Thursday, September 18, 2014

Black Achievement

As salaam alaikum,

I was reminded of this while watching a "Key and Peele" episode in which they compared black college movies with white college movies. White college movies were all about the party and college was a given. Black college movies were all about college as the destination, as if once insurmountable.

I have two cousins doing their studies in my hometown. One is in her first three weeks of graduate school, the other has started as an undergraduate. Both of them had small meltdowns on Facebook over the course of this week, threatening (though purely out of frustration) to drop out of their respective programs.

These are two highly motivated, very intelligent young women who earned their acceptance into their respective programs but who I feel did not have a realistic idea of what they were getting into upon matriculation.

Which is fine. I certainly did not know what I was getting into when I started medical school.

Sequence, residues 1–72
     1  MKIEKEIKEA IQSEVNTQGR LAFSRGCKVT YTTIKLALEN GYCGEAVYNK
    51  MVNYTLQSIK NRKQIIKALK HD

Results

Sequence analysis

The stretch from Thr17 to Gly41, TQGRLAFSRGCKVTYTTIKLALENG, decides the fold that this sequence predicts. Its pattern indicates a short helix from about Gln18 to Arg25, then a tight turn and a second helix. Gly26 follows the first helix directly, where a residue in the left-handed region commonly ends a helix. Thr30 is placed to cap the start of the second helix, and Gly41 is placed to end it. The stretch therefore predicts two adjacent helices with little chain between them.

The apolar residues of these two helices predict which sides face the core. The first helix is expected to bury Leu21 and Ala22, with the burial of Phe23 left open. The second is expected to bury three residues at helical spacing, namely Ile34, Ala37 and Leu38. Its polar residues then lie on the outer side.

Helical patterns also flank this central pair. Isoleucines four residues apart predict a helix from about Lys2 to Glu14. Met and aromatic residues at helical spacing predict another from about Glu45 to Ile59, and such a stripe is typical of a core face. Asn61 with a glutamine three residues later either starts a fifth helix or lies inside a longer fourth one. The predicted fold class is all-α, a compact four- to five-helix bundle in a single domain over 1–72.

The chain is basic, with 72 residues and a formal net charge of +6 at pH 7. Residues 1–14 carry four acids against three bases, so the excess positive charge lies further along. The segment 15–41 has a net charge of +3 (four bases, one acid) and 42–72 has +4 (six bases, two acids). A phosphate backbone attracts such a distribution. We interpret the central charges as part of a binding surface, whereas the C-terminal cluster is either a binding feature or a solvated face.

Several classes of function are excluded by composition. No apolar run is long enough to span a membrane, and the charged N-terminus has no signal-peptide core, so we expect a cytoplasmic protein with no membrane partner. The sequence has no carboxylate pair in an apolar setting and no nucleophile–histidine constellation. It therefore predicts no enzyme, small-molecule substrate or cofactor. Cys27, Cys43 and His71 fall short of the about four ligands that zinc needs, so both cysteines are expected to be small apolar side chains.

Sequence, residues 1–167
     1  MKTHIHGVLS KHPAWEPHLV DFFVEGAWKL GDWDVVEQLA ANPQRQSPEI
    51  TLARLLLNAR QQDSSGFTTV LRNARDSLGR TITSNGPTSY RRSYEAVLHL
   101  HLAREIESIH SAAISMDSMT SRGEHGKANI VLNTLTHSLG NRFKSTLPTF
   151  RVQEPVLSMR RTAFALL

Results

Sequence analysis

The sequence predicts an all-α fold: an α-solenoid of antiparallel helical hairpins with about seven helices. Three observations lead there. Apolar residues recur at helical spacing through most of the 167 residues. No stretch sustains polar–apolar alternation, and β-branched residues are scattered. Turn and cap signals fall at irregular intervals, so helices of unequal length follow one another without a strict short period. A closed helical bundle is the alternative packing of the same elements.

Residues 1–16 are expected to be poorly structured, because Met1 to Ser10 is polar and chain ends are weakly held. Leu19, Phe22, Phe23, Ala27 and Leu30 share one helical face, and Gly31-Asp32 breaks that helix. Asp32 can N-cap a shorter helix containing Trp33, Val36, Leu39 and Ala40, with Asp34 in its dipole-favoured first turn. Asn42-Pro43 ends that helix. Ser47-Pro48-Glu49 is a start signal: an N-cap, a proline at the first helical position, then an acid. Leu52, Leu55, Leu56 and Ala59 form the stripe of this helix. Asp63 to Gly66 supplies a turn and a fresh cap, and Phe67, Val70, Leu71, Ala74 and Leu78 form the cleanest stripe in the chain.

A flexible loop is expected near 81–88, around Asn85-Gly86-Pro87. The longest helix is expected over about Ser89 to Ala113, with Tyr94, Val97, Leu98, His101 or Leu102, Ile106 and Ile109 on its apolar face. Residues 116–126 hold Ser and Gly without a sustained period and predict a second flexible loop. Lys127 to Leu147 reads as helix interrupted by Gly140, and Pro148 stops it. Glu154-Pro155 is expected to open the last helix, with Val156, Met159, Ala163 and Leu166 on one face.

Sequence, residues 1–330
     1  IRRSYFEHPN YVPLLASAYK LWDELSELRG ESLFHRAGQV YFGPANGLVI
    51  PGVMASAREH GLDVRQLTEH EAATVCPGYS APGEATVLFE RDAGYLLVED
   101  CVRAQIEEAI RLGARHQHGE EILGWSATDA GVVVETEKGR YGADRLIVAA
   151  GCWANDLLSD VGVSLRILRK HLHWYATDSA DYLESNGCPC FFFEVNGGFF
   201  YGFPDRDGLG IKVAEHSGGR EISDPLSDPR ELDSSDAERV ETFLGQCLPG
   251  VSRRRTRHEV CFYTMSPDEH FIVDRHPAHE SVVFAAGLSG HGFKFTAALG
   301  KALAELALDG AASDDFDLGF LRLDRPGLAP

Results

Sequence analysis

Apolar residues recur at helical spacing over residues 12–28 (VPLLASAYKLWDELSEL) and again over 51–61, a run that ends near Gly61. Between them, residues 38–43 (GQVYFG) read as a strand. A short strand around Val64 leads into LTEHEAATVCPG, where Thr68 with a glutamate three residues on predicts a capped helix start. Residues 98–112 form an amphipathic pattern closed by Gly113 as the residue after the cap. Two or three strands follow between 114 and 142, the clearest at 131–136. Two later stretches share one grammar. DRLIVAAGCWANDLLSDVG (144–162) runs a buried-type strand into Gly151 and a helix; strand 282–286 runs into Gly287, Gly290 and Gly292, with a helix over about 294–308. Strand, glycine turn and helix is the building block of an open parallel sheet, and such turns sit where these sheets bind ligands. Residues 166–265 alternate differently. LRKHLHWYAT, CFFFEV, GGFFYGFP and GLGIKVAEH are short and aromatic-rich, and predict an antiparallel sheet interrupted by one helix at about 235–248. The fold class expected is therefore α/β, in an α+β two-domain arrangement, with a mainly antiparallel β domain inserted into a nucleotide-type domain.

But I recognize something that one of my friends pointed out about black students. I recognize that she made sweeping generalizations and that there is no data, but I found her observations interesting. My friend was a tutor at one of the Harvard residence halls and had students of various ethnicities. She was supposed to be a resource, or at least a gateway to resources for the students. She noticed students of other races and ethnicities either had their own external resources for money and mentorship or they sought her out. Black students, who were the least likely to have outside money or mentors, also did not seek help. Another of my friends, also a tutor, acknowledged the same thing. The two of them believed that this was because, for the black students, college was the destination. They did not plan for the during or the after.